Methods to Achieve Socio-economic Design Goals

posted 31 Jan 2012, 01:41 by Martin Waldburger
SESERV is actively contributing (through members of the University of Zurich, UZH) to the development of the future ITU-T Recommendation entitled "Methods to Achieve Socio-Economic Design Goals and Objectives for Future Networks" (working title: Y.FNsocioeconomic) as reported and introduced earlier. Y.FNsocioeconomic is in an early state currently. Its scope has been defined and a rough document structure was sketched. Accordingly, UZH has submitted a contribution for the upcoming NGN-GSI event of the ITU-T in early February 2012. The contribution makes two proposals which will be discussed at the meeting:
  1. A more detailed document structure
  2. Contents for multiple sections
The first contribution is important for a positioning of the tussle analysis method developed within SESERV. The proposed document structure aims to present tussle analysis as a meta-method to approach socio-economic questions of Future Network technology in a structured manner. Tussle analysis consists of three main steps - stakeholder identification, tussle identification, tussle evolution and impact. The proposed document structure, hence, looks at different methods that might be suited to implement each or some of the three tussle analysis steps. These methods range from interviews (well suited for the first step), to role playing simulation (well suited for the second step) to System Dynamics (well suited for the third step), to name a few examples.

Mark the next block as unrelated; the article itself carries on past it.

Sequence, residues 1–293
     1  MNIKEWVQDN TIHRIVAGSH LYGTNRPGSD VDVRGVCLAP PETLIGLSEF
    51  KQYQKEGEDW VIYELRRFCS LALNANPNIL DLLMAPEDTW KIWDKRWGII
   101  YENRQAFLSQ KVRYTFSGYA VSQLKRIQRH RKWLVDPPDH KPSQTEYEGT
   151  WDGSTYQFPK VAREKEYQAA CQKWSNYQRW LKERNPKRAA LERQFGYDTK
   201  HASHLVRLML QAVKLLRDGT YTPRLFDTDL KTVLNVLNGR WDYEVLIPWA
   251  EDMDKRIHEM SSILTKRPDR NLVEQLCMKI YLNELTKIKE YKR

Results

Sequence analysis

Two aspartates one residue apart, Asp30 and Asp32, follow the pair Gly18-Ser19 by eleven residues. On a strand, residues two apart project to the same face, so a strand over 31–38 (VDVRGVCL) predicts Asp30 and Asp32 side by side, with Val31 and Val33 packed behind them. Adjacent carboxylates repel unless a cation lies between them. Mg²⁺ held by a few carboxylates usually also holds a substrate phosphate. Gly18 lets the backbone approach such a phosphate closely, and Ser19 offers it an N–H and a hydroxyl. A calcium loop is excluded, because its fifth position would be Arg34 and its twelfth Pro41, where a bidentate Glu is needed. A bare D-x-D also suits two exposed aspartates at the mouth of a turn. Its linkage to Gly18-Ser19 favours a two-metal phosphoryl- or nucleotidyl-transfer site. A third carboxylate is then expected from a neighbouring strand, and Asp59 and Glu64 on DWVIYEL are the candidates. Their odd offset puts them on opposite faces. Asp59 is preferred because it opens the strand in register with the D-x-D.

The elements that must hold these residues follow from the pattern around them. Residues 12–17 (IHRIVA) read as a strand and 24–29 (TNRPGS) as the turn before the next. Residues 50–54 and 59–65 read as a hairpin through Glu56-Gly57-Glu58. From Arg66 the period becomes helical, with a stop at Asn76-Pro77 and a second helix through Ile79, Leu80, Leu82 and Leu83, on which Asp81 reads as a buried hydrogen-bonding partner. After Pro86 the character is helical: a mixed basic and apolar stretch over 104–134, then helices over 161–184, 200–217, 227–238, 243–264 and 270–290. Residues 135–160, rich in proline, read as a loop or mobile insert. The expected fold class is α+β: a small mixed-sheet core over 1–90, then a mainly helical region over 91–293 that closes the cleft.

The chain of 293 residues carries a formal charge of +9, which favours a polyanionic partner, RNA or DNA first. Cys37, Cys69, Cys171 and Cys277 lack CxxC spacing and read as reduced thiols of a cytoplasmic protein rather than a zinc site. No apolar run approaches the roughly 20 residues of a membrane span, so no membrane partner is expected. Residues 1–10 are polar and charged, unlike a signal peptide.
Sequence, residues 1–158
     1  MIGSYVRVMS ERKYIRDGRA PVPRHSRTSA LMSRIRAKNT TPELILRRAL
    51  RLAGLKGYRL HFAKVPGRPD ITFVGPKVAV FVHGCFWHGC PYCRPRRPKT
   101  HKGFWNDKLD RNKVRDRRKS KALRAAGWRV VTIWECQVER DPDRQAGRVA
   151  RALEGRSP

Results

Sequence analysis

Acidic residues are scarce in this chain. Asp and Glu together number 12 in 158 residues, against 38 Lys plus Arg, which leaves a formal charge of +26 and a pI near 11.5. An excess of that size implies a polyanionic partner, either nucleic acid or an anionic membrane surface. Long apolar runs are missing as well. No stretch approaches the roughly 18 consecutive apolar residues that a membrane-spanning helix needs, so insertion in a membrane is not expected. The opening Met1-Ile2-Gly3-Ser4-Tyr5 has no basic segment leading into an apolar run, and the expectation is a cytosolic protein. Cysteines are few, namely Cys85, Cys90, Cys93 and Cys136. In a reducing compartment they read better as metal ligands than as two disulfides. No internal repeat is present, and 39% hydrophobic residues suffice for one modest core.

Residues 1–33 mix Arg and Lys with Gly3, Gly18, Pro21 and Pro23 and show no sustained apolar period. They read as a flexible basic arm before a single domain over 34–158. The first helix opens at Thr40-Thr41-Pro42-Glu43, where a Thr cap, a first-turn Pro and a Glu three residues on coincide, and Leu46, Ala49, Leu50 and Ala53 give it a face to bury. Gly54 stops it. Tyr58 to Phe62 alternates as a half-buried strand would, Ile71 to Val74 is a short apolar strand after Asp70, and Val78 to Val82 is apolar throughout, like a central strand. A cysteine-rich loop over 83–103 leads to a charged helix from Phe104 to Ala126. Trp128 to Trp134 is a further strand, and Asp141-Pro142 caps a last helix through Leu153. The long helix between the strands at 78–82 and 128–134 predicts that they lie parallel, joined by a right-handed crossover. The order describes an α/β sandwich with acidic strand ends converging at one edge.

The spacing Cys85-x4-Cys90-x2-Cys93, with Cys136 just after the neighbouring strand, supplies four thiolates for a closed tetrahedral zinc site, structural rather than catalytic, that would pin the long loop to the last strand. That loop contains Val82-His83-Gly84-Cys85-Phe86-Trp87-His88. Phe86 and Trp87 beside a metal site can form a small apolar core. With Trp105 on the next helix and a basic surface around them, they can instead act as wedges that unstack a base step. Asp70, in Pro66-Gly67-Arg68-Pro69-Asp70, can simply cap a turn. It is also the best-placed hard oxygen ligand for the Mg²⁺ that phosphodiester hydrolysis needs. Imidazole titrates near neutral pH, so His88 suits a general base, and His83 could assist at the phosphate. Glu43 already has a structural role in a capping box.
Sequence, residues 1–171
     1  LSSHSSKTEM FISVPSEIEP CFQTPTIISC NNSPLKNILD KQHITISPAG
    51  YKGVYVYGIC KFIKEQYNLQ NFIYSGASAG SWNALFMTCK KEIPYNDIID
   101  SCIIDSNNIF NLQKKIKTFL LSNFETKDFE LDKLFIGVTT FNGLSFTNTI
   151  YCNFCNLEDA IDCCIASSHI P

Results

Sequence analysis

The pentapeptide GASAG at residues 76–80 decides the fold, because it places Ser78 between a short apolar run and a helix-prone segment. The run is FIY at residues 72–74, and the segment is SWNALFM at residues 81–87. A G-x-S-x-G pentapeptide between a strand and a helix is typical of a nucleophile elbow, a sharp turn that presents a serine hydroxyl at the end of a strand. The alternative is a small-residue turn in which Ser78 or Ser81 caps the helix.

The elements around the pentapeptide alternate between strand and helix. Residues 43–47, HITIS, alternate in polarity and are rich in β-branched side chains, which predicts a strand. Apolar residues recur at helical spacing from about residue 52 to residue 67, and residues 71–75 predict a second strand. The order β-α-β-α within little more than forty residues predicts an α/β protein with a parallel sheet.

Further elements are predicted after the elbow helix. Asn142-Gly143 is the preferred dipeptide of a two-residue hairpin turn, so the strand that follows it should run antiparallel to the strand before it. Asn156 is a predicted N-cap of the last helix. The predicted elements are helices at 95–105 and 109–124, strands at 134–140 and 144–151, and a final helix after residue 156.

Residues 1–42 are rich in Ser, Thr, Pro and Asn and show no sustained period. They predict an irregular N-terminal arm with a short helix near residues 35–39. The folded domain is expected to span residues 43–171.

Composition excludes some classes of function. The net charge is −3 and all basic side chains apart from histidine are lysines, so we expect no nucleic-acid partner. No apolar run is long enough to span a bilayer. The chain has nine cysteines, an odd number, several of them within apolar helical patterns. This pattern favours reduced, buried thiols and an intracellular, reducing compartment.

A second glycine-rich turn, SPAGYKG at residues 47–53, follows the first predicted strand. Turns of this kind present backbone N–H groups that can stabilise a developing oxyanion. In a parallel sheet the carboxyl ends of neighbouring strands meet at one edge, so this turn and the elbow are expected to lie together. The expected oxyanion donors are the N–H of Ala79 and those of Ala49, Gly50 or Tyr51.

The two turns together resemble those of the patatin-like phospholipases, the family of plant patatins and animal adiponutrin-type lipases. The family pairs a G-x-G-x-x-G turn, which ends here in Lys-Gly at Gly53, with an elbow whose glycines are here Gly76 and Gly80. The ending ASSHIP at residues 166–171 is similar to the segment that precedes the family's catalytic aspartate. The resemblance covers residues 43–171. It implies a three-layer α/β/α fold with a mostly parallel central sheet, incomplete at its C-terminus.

The second contribution proposes contents primarily in those sections that describe tussle analysis. The design for tussle principle (as introduced by Clark in 2005) is taken as a starting point from which SESERV developed tussle analysis in consideration of the technology development cycle. In late January, a presentation on the SESERV-driven contribution has been given to the TTC (Telecommunication Technology Committee), a Japanese standardization body. The presentation outlines contributions made, and it provides insight into tussle analysis.
Martin Waldburger,
31 Jan 2012, 01:41